This idea has been discussed much, especially near the end of Clinton’s second term, specifically in relation to America’s ignoble history of slavery. Are modern Americans -- folks living right now -- to blame for  their ancestors' misdeeds several generation ago? In terms of the Native American genocide, the same question is raised. 

And if reparations forced upon a blameless current generation aren’t particular just either, does a simple apology to the families of the wronged feel like enough?  Is that the best we can muster?

Obviously, there are no simple answers to such deep questions of American history, but I love how Buffy the Vampire Slayer takes the context of Thanksgiving and holiday gatherings and then makes the dramatis personae debate the conflicted nature of the holiday, each according to his or her own personal beliefs.

Nobody is bad. Nobody is evil (well, nobody besides Spike…).  Everyone just boasts a different perspective on what remains a controversial subject.

Here -- treading deeper into the quagmire -- some hurtful comments are even made about a “minority” living in Buffy’s modern, diverse Sunnydale: demons. Xander lays down the law, and it sounds perilously like bigotry. “You don’t talk to vengeance demons, you kill them!” he stresses, angry and sick.

Well, of course, this remarks hurts Anya’s (Emma Caulfield's) feelings. She’s a demon after all. they? Not all of them are evil, are they?  What about Oz?  What about Angel?  And on and on.  Is killing them on sight the answer?

Finally, Hus and a “raiding party” of demons arrive at Buffy’s Thanksgiving meal, and there’s a colossal battle between the Slayer and a demon she has zero interest in killing. Buffy would prefer to offer an apology, rather than fisticuffs. To the direct-minded Spike, however, this approach is folly. “You exterminated his people,” he reminds Buffy of Hus.  An apology ain't gonna cut it.

Finally, Buffy does fight with lethal force, and the implication seems to be that some hurts, some breaches, just can’t be resolved peaceably.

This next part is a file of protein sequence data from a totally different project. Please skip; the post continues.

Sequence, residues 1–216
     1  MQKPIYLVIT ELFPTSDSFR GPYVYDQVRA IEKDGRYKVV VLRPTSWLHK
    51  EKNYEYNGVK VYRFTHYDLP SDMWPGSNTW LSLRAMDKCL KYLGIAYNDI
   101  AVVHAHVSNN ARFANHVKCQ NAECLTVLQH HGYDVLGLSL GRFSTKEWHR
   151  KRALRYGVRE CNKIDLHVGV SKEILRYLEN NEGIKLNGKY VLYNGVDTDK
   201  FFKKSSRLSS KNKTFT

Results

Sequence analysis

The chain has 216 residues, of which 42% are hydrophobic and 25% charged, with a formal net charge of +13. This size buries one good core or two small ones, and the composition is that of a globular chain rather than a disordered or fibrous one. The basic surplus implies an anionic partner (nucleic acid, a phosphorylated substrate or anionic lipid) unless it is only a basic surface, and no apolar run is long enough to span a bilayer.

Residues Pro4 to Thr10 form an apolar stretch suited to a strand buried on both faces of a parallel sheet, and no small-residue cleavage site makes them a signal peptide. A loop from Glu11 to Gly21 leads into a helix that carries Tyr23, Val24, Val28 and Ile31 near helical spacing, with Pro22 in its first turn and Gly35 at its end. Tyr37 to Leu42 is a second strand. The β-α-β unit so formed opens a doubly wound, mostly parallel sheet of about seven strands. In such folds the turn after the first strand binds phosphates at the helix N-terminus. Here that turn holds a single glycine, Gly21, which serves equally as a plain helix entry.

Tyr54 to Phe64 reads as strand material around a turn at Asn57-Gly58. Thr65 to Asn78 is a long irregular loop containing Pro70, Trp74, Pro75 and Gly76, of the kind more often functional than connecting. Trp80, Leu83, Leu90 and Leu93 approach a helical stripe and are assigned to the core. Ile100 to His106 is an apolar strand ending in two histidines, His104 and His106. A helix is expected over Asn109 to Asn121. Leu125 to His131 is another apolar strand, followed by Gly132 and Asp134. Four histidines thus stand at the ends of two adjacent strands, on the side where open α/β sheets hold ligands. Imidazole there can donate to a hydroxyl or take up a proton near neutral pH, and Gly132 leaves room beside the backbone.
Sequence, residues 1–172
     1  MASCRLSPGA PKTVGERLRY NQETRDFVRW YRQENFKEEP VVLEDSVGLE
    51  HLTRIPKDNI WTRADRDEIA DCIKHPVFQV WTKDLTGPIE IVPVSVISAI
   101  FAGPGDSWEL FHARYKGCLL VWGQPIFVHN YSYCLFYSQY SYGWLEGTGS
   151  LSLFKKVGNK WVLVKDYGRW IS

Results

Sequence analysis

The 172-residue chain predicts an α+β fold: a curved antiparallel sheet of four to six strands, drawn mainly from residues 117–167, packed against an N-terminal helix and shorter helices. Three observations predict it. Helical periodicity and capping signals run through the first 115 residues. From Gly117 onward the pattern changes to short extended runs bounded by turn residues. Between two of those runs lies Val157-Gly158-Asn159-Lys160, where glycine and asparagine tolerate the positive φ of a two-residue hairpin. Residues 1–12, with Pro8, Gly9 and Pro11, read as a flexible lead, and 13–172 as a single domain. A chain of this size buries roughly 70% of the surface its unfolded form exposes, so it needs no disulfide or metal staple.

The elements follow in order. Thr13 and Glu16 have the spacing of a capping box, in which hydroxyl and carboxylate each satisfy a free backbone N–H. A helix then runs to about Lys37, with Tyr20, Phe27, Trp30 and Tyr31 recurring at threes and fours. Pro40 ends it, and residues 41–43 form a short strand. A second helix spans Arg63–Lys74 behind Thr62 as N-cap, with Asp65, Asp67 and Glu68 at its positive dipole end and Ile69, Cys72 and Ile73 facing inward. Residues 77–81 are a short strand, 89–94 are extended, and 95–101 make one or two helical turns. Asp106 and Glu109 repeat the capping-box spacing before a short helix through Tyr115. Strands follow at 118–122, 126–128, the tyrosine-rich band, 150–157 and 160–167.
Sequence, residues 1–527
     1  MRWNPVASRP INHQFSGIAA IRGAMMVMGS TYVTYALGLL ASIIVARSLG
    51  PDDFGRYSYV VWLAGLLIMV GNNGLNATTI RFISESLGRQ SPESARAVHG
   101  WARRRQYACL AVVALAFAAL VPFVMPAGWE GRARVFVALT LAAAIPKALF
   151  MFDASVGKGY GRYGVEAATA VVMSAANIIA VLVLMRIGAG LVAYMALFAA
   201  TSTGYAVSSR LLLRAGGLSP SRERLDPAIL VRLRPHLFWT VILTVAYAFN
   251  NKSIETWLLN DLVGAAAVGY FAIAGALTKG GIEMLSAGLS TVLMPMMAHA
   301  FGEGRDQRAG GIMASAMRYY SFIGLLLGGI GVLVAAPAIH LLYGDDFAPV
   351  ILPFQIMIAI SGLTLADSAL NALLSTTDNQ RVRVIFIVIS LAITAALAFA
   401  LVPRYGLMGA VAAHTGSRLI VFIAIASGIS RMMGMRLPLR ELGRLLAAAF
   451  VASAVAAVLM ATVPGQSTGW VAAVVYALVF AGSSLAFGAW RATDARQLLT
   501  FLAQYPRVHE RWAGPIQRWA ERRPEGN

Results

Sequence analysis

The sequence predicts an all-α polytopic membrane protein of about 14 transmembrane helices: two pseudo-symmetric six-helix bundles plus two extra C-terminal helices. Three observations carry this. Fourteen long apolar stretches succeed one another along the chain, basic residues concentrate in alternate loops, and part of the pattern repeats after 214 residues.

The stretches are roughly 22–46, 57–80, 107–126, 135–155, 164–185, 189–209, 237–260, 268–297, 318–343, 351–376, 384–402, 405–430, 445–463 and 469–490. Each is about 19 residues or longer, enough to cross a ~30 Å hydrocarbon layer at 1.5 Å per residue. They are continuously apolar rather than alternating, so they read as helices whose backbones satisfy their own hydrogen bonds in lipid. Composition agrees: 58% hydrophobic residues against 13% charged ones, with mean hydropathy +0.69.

Ultimately, even the politically-correct Willow feels like something of a hypocrite. When the Native-American demon spirits attack, she’s among those who pick up shovel and fight for their lives. As we all would under the same circumstances.

But the coda in "Pangs" involves a hope for the future instead of a conflict over the past.  In the episode's last scene, the threat of Hus is nullified and Buffy and her friends (including Spike) sit down together -- demon and human -- for an enjoyable "family" feast.

In some way, this final image of an ad-hoc, modern American family consisting of a demon, two vampires, two Brits, a Valley girl, a witch (and lesbian) and a construction worker seems to get at the point of the narrative's debate.  Just the fact that these diverse folk break bread at the same table may provide the key to healing old, historical wounds. 

Perhaps enemies old and new must share a Thanksgiving table, a special meal together, and start fresh. Build new, better memories. Let go of the angers of the past, even if they are justified. Otherwise, as Hus learns, the only possible future is death.  At least breaking bread, and passing the cranberry sauce, is a start.

As Xander happily notes at the conclusion of "Pangs," it’s the perfect Thanksgiving in Sunnydale after all: “a bunch of anticipation, a big fight, and now we’re all sleepy…”

Monday, November 21, 2011

The Cult-TV Faces of: High School Sweethearts

Identified by Dr. Howard Margolin: Tony (Michael Pare) and Rhonda (Faye Grant) in The Greatest American Hero.

Identified by Dr. Howard Margolin: Robin (Blair Tefkin) and Brian (Peter Nelson) in "V."

Identified by David Colohan:  Nova (Amanda Wyss) and Trace (Tony O'Dell) in Otherworld.

Identified by David Colohon: James (James Marshall) and Donna (Lara Flynn Boyle) in Twin Peaks.


Identified by Dr. Howard Margolin: Buffy Summers (Sarah Michelle Gellar) and Angel (David Boreanaz) in Buffy.

Identified by Dr. Howard Margolin: Max (Jason Behr) and Liz (Shiri Appleby) in Roswell.

Identified by Dr. Howard Margolin: Clark Kent (Tom Welling) and Lana Lang (Kristen Kruek) in Smallville.

Identified by Hugh: Veronica (Kristen Bell), Duncan (Teddy Dunn), Lilly (Amanda Seyfried) and Logan (Jason Dohring) in Veronica Mars.

Identified by David Colohan: Caitlin (Linsey Godfrey) and Miles (Carter Jenkins) in Surface.

Identified by Hugh: Elena (Nina Dobrev) and Stefan (Paul Wesley) in The Vampire Diaries